This past week, we were thrilled to connect with colleagues, partners, and friends at the annual conference for the Association of International Graduate Admissions Consultants (AIGAC). During the three-day conference, we spoke with admissions staff from most top-15 programs, discussed ideas to improve the application experience for prospective students, led a panel on diversity in leading MBA programs, and even role-played being applicants to identify pain points for our clients.
What struck us most from this event was how business schools continue to evolve their priorities from even just five years ago. While intelligence and a track record of achievement remain necessary to gain admission to top programs, it is increasingly insufficient on its own. In fact, a top-10 program volunteered that they regularly turn away candidates with 770+ GMAT scores, a view that was echoed by admissions staff at other schools. Instead, successful candidates increasingly need to showcase how a richness of experiences combines with their intelligence and ambition and a proven interest in the school to make schools excited to admit them.
We believe school Admissions Committees will continue offering additional opportunities for applicants to showcase that richness. Several top-5 schools we spoke with continue to emphasize how their classes are enhanced with improved diversity, and we expect DEI themes to gain prominence in written and video applications at several top schools. It will be critically important for applicants to benchmark their DEI achievements vs. others applying to their target programs. From our experience in this last cycle, there is often much more diversity in your profile than you might expect – we are happy to help you to define and articulate it.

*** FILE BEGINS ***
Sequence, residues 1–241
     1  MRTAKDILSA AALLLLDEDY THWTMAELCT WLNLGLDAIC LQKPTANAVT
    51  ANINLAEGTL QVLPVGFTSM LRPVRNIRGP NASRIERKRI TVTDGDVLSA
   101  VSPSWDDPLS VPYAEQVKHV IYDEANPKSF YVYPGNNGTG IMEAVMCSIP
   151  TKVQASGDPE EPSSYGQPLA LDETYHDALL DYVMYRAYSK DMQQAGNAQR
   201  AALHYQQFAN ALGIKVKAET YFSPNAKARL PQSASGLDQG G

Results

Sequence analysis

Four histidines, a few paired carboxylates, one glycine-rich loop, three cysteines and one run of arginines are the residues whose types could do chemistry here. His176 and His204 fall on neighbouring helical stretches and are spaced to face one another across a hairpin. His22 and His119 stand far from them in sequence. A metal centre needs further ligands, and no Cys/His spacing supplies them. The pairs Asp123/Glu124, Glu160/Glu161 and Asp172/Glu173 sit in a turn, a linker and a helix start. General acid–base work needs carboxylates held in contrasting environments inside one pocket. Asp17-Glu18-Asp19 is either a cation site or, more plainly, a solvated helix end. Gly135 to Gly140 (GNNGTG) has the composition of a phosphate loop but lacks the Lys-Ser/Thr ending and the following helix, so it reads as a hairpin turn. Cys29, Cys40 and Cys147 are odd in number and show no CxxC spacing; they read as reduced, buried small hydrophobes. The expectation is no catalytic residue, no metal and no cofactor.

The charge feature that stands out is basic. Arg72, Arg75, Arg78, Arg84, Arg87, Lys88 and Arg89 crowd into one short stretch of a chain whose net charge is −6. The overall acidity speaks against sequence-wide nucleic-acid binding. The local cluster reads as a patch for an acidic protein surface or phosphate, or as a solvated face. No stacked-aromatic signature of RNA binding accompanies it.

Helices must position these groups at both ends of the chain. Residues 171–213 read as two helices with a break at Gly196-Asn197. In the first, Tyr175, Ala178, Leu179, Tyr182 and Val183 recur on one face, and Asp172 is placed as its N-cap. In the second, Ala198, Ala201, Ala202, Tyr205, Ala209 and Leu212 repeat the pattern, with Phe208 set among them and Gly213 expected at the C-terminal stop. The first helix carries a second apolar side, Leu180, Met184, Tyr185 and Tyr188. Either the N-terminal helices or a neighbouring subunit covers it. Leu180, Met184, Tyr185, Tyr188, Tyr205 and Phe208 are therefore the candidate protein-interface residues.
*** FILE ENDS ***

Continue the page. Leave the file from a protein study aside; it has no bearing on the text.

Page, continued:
Further, our discussions suggest many schools continue to grapple with the tight labor market, which continues raising the risk that accepted students will turn down MBA offers during this upcoming summer. In fact, we believe it is the primary reason waitlists/waitpools remain at elevated levels, and may not clear until early September (with the exception of international applicants who require more lead time for student visas). We believe admissions committees will adapt to these circumstances by scrutinizing more closely applicants’ explanations as to why business school is right for them. Applicants who can clearly articulate their purpose for leaving the workforce and pursuing an MBA will likely find themselves at a significant advantage during the 2022/23 application cycle. Of course, the upside of this trend is that students are graduating with better options and record compensation.
Finally, our discussions reminded us of the increasingly complex landscape faced by applicants exploring graduate school. Several schools highlighted specialized MBA programs they offer, such as Kellogg’s MMM and MBAi, or NYU Stern’s Tech MBA or Fashion & Luxury MBA. This increased variety of paths for young professionals seeking to accelerate their careers has made our early work with clients on their goals and details of each program even more important. As you navigate your own application processes, consider if a few hours with a professional can improve your odds of success (and potential scholarship dollars!).